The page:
As fixed income managers, we have been extremely focussed on the credit rating agencies and their assessment of South Africa of late. The recent credit rating downgrades have been because of the erosion of South Africa’s economic, fiscal and institutional strength. This has all been centred around an extremely uncertain policy environment. Policy change has largely been focused on actively trying to address South Africa’s extreme income inequality, which is considered dangerous and one of the highest in the world. come without However, these types of policy changes do not their risks in creating further unwanted imbalances that may be detrimental from a ratings perspective, and even lead to a consumer that is worse off down the line.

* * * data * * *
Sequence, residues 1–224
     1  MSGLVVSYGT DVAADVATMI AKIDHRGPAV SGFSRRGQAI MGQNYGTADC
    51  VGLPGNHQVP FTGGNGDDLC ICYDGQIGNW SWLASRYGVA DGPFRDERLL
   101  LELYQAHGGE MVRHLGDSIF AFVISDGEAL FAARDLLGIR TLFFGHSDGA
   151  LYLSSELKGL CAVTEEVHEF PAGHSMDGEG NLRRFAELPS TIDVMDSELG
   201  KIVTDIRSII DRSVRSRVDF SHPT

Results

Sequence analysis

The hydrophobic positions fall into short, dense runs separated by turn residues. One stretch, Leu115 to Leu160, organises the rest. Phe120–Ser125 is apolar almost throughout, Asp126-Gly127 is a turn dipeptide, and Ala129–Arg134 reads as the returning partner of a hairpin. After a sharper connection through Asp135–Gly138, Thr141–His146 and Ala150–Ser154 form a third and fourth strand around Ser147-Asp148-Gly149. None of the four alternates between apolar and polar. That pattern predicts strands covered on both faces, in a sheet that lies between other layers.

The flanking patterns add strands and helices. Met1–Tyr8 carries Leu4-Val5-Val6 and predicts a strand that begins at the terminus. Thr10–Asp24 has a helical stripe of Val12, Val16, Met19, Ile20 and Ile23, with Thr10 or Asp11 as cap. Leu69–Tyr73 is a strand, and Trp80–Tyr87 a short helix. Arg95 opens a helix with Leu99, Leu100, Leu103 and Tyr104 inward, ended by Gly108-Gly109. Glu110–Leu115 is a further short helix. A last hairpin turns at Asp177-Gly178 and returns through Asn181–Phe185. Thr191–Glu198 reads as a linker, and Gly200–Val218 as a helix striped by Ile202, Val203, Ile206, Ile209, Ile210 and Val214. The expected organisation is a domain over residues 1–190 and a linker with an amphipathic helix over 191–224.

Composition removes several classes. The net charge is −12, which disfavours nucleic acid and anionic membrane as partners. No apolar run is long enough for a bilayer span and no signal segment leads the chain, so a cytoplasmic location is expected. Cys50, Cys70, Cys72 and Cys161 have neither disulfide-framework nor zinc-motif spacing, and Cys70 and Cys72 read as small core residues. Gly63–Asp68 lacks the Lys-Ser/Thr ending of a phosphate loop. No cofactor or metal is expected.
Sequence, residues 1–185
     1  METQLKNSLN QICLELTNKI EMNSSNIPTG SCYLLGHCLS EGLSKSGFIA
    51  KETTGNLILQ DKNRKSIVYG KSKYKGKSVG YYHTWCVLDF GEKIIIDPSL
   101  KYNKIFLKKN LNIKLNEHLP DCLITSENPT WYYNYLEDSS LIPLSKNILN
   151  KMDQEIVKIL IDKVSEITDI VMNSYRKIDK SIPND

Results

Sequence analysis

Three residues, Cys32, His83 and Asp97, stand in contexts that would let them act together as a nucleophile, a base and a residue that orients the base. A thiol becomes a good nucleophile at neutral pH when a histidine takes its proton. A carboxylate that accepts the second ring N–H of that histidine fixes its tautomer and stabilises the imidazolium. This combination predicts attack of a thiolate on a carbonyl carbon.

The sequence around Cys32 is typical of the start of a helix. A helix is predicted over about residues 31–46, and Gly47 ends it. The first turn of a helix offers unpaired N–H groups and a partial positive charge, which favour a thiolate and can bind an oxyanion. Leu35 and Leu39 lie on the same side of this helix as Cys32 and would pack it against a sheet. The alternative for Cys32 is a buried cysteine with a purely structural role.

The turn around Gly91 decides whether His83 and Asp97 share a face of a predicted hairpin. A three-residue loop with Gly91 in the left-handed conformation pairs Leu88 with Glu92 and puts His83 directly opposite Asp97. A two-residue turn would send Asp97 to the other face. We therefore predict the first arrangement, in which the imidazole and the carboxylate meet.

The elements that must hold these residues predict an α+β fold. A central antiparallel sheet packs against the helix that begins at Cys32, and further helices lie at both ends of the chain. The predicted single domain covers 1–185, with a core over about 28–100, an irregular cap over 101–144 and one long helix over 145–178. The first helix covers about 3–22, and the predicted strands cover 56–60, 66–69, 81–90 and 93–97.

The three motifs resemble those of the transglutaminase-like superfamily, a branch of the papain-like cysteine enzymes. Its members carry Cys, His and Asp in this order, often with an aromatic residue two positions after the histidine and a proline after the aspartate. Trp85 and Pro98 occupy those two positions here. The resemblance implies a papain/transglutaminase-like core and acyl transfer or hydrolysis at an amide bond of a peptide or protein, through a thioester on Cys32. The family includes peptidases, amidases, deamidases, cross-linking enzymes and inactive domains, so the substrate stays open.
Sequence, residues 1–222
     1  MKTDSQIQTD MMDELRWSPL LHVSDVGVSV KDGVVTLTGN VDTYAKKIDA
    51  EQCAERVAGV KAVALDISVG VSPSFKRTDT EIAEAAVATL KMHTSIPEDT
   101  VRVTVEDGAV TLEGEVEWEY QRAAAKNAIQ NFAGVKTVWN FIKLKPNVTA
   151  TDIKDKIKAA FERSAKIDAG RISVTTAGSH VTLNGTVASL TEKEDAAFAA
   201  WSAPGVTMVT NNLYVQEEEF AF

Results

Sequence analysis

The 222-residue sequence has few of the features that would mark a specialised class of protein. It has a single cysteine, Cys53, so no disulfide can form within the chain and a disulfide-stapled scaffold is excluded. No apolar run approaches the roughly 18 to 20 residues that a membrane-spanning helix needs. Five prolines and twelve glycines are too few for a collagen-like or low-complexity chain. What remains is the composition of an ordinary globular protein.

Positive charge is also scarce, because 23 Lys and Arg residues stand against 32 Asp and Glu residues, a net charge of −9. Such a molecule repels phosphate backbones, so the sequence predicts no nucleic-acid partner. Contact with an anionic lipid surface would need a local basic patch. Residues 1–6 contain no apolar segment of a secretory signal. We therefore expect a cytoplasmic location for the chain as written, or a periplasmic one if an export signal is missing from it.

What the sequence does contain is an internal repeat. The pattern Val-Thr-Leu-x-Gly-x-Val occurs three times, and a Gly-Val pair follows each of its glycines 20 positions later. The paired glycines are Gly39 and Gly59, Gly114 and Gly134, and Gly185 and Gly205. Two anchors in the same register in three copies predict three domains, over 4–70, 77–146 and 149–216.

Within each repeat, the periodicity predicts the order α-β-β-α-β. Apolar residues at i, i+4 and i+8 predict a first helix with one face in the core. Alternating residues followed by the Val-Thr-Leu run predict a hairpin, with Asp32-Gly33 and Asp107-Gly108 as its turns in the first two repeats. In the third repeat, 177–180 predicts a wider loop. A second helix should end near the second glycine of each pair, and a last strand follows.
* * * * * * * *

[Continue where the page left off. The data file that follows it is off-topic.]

One such example of this policy change is the recent proposal from the Department of Trade and Industry (DTI) on the amendment to the National Credit Act (NCA) to allow for Debt Relief. Consumers are finding it difficult to repay loans as slow economic growth, retrenchments and rising unemployment has diminished household income. Efforts to introduce amendments to the NCA to provide for Dept Relief and forgiveness is an urgent item on Parliament’s agenda as debt continues to cripple many South Africans. The National Credit Regulator (NCR) is also in favour of some form of Dept Relief. We believe that a proposal to relieve consumers of their debt is flawed and if implemented, is another example of a potential further erosion of financial stability in South Africa. This will most certainly lead to a deterioration in the integrity of the robust and well capitalised financial sector which the rating agencies have highlighted as one of the few credit strengths in their recent assessments of SA.
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